Tag Archive for: Christobal

NHC Predicts Christobal to Hit Louisiana by Sunday Morning, Houston Still Within Cone

Cristobal should approach the northern Gulf coast within 4 days. The latest predictions from the National Hurricane Center (NHC) suggest it should reach Louisiana Sunday morning by 8 a.m. Houston remains within the cone of uncertainty. The storm has already dumped torrential rains on Mexico and Central America and produced life-threatening flash flooding.

NHC forecast track of TS Christobal shows the center of the storm arriving in Louisiana sometime between Sunday and Monday.

No one is yet predicting the exact point of impact, the intensity at landfall, or the potential rainfall. Note, however, that the storm is significantly bigger than the center. Areas far away from the track may still experience significant impacts.

So far, this storm appears to be Mexico’s and Central America’s version of Harvey in that it has stalled in one location and dropped heavy rainfall for 4-5 days.

Current Location and Conditions

Here’s what’s happening at this hour.

Cristobal dipped inland this morning in the Mexican State of Campeche around around 8 a.m. CDT. Aircraft and surface reports indicate intensity at about 50 kt. (57.5 mph).

Now that the center of circulation has moved inland, a gradual weakening trend should commence. The NHC anticipates Cristobal will weaken to a topical depression by tomorrow evening. However, they also predict the system will re-emerge into the Gulf of Mexico.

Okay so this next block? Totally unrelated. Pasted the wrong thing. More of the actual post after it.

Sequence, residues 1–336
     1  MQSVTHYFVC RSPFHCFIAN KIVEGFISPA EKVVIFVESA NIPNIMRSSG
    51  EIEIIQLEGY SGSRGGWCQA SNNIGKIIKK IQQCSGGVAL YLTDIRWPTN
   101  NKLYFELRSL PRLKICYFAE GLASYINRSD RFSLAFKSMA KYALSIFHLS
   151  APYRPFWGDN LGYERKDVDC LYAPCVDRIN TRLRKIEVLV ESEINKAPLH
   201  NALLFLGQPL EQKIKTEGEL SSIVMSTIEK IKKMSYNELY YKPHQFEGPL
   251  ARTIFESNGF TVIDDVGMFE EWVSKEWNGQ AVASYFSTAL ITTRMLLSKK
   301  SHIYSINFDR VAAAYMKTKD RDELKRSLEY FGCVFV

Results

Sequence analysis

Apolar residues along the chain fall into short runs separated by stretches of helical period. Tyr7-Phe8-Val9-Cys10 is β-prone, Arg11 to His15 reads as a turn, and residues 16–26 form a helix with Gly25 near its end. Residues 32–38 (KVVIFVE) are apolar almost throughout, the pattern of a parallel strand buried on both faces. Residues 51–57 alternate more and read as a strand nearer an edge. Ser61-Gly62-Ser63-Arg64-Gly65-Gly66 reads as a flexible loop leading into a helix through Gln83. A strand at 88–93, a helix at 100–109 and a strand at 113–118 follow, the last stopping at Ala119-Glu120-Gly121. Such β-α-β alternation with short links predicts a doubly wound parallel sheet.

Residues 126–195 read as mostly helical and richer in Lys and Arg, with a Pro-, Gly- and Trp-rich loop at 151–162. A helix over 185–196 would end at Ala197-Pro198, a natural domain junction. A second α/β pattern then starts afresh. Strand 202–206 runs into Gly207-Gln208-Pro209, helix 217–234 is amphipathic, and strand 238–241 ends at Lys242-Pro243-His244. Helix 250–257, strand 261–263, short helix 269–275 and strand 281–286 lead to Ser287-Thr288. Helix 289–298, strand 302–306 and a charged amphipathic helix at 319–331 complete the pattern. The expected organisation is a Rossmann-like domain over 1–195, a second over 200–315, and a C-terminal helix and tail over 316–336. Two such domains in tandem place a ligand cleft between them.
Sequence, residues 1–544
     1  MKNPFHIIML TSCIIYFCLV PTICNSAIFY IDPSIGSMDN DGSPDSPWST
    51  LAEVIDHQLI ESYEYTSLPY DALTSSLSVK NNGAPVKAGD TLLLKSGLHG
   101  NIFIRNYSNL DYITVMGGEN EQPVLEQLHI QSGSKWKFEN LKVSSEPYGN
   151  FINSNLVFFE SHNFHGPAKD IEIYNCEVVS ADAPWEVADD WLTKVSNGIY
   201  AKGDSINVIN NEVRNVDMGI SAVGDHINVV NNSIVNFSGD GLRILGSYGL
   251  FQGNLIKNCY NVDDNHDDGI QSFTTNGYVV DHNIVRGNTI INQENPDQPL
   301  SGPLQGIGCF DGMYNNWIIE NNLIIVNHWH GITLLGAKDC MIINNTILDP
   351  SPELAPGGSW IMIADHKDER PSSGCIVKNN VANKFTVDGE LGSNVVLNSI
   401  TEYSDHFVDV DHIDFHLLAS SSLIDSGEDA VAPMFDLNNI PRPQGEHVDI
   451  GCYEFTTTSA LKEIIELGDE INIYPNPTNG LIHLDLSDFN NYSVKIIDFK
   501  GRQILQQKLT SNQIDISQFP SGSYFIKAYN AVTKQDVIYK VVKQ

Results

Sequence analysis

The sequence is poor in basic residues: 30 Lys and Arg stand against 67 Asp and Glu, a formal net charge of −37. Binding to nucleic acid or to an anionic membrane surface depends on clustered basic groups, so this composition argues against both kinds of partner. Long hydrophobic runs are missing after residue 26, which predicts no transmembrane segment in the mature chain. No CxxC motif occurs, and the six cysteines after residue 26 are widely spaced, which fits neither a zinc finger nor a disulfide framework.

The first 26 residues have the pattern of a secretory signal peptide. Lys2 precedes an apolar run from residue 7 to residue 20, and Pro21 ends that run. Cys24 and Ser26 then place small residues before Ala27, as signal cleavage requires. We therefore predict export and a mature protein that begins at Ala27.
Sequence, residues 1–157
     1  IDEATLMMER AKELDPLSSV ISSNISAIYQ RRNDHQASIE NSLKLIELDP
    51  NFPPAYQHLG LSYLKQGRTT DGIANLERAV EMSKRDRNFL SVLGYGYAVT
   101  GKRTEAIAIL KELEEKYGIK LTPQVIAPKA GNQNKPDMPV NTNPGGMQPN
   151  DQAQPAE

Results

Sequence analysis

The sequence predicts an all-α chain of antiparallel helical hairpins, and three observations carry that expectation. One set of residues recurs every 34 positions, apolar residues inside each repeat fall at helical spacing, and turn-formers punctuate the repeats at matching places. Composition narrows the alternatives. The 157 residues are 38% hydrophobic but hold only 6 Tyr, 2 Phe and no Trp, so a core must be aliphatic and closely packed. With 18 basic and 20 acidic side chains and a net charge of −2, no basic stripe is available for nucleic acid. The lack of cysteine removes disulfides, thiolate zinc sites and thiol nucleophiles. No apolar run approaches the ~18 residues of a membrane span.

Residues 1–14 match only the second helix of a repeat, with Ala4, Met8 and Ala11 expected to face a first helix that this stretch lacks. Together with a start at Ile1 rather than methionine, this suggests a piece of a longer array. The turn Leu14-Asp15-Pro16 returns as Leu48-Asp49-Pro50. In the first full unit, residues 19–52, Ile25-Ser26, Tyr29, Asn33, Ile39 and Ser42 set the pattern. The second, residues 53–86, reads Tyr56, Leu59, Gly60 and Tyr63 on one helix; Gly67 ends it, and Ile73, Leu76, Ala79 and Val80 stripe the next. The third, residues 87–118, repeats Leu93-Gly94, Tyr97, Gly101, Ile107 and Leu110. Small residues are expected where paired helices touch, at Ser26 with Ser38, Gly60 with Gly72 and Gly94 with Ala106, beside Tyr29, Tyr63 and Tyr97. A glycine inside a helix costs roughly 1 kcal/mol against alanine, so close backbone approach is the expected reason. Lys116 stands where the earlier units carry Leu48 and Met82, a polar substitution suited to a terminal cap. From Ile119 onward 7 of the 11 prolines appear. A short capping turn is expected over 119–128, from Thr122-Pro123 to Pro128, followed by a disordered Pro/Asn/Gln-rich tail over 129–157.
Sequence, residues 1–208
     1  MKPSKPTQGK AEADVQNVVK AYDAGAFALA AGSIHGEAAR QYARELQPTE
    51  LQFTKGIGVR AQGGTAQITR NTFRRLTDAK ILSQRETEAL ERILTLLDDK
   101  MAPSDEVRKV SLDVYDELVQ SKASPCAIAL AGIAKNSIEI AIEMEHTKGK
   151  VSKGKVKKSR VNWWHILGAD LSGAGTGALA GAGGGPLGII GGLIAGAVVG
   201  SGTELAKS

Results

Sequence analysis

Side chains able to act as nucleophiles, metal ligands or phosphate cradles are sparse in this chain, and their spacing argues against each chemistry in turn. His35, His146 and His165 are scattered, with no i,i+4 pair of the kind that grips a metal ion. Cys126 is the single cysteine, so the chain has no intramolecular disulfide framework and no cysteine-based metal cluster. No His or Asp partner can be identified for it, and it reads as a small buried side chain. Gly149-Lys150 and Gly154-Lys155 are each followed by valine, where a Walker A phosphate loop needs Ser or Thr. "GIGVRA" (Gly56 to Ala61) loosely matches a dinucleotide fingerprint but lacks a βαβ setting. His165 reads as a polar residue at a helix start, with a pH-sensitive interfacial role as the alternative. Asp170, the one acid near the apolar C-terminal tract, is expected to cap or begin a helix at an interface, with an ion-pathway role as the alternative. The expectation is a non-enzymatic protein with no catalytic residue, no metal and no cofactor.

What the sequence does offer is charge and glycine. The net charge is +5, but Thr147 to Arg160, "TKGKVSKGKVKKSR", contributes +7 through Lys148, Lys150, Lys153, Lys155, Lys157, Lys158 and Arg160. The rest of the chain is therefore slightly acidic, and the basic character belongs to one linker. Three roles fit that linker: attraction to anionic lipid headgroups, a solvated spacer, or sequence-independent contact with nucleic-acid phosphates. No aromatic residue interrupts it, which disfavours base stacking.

Sheer Expected in Northern Gulf

NHC says global models show increased southwesterly shear influencing the cyclone over the northern Gulf of Mexico and this should limit intensification. However, there is significant uncertainty as to how strong a cyclone we will be dealing with near the northern Gulf coast this weekend.

Impacts to Date

Damaging and deadly flooding has occurred in portions of Mexico and Central America. Cristobal is expected to produce additional extreme rainfall amounts through the end of the week. The heaviest additional rainfall is expected over far southern Mexico and portions of the Yucatan Peninsula, while also extending along the Pacific coast from Chiapas to Guatemala and El Salvador. This rainfall could cause widespread life-threatening flash floods and mudslides. Up to 35 inches of rain has already fallen in some locations since May 30.

Even though Cristobal has made landfall, tropical storm conditions will continue along and near the coast of Mexico through Thursday, especially over western Campeche, eastern Tabasco, and northern Chiapas states.

Rainfall in Mexico and Central America Through Friday

NHC predicts Cristobal will produce the following rain accumulations through Friday night:

  • Mexican states of Campeche, northern Chiapas, Quintana Roo, Tabasco, and Yucatan…10 to 20 inches, isolated 25 inches.
  • Mexican state of southern Chiapas…15 to 20 inches, isolated 25 inches. Mexican states of Veracruz and Oaxaca…5 to 10 inches.
  • Southern Guatemala…Additional 15 to 20 inches, isolated storm total amounts of 35 inches dating back to Saturday, May 30th.
  • El Salvador…Additional 10 to 15 inches, isolated storm total amounts of 35 inches dating back to Saturday, May 30th.
  • Belize and Honduras…3 to 6 inches, isolated 10 inches.